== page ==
Denver -- Figuring the defense has carried the load long enough, the Broncos are giving the offense new attention. Give the front office credit for picking up Mat Robinson, a gritty, mobile QB who can pass.
Seattle -- At best, the Seahawks are still only average defensively. When they have the ball, though, lefty Jim Zorn is a beaut.
Oakland -- Once-loyal fans have soured on the Raiders because of their attempted move to LA. It's not the happiest situation for Dan Pastorini to step in to.
Kansas City -- A rah-rah team with enough enthusiasm and young talent to surprise people. NFC East
Philadelphia -- No powerhouse, but they now know how to win. The Eagles believe in themselves and QB Ron Jaworski, who seems poised to have his best year yet.
Dallas -- The Cowboys won't be throwing in the towel with Danny White, who can play. But losing Roger Staubach will still take some getting used to.
Washington -- On paper the Redskins seldom look that good, yet they are perenial over-achievers.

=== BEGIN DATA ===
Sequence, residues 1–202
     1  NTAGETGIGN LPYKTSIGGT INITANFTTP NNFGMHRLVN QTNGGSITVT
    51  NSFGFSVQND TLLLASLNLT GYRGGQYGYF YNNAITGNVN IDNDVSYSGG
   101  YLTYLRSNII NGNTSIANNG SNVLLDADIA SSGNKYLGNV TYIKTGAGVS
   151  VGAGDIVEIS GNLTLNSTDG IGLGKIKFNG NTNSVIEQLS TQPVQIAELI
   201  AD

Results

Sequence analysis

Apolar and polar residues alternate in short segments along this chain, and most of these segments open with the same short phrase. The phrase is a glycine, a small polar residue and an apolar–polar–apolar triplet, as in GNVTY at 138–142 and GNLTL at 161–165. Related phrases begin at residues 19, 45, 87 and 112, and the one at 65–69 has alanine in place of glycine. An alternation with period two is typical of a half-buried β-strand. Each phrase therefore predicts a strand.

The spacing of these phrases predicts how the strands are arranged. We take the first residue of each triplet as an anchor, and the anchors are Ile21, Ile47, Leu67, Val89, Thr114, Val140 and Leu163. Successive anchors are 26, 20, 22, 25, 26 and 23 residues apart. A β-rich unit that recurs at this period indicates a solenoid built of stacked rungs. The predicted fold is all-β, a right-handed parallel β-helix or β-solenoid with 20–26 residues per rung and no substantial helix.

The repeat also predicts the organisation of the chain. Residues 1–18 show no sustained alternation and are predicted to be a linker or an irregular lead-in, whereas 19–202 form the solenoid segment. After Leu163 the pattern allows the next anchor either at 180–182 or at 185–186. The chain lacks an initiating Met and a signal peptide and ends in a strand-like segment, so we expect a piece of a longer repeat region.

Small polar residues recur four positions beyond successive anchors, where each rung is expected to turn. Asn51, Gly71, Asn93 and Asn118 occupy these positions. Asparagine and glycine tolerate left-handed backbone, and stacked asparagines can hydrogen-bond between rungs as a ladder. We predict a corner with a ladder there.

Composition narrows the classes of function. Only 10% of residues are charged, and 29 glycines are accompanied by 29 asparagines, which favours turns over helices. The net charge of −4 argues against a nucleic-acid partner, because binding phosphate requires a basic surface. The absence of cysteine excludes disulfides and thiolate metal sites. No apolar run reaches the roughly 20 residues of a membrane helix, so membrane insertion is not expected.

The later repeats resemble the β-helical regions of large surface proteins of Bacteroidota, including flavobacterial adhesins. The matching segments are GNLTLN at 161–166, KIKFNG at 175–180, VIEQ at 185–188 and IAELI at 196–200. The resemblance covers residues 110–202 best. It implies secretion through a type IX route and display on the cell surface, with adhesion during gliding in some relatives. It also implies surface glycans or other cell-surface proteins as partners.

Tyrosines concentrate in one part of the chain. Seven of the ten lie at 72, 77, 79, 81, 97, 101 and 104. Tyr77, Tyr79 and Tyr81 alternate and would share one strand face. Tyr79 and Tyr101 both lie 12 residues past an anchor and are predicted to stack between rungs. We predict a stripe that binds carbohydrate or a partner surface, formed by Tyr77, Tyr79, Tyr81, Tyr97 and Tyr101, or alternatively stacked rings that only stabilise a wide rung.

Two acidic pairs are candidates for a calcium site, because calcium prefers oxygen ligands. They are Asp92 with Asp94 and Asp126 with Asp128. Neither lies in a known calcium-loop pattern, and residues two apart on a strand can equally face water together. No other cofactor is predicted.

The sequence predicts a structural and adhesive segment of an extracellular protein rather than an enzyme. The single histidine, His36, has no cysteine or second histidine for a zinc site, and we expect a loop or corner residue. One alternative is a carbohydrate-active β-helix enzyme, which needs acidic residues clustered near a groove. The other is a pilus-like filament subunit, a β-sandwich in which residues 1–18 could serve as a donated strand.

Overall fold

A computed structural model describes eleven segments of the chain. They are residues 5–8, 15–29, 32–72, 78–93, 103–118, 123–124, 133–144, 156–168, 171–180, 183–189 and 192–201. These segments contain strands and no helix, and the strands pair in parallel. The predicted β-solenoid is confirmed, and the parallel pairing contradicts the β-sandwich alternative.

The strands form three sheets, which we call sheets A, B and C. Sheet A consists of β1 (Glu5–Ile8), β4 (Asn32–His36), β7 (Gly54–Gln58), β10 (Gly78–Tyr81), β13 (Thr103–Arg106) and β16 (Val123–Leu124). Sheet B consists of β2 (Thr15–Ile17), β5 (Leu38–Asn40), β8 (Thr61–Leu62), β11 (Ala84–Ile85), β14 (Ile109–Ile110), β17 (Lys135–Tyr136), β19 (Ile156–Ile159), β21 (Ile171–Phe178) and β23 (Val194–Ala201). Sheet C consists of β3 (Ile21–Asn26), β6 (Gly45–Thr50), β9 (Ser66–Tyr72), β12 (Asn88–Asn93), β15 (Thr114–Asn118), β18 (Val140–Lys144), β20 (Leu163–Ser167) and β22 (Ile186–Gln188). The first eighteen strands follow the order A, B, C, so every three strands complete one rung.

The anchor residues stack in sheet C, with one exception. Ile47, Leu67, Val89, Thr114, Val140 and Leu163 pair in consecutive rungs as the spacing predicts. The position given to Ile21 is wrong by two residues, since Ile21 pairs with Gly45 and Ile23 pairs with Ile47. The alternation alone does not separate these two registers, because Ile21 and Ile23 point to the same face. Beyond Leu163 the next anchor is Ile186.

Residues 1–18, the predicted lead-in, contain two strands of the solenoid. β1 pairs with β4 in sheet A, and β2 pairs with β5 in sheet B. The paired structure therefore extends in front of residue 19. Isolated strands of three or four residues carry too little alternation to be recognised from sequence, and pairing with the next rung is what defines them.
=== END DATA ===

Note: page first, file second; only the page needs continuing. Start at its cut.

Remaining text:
New York Giants -- At least there's hope now that the club has Phil Simms, a promising, young quarterback.
St. Louis -- Ottis Anderson (1,605 yards) is super, but the team is in disarray otherwise. Central
Tampa Bay -- The Bucs are on their way, but don't expect them to check into the Super Bowl just yet. The defense is awesome, but the offense hasn't really come of age.
Chicago -- Until the Bears are ready to trade for, or can draft, a top-flight QB, running back Walter Payton can only carry them so far.
Detroit -- The return of Gary Danielson (shelved all last season with an injury) and the acquisition of rookie Billy Sims make the Lions competitive again.
Minnesota -- The Vikings are a team under repair.
Green bay -- The frustrations never seem to end for Coach Bart Starr. West
Los Angeles -- The Rams got hot during the playofts, but remember, they were only 9-7 during the 1979 regular season. The point is they're beatable.
New Orleans -- This could be the year New Orleans ends LA's seven-year lock on division honors. Archie Manning, Chuck Muncie, Tony Galbreath -- the offense is loaded.
Atlanta -- Quarterback Steve Bartkowski must come around for the Falcons to side-step a total collapse.
San Francisco -- The 49ers will improve on back-to-back 2-14 seasons, which isn't saying much.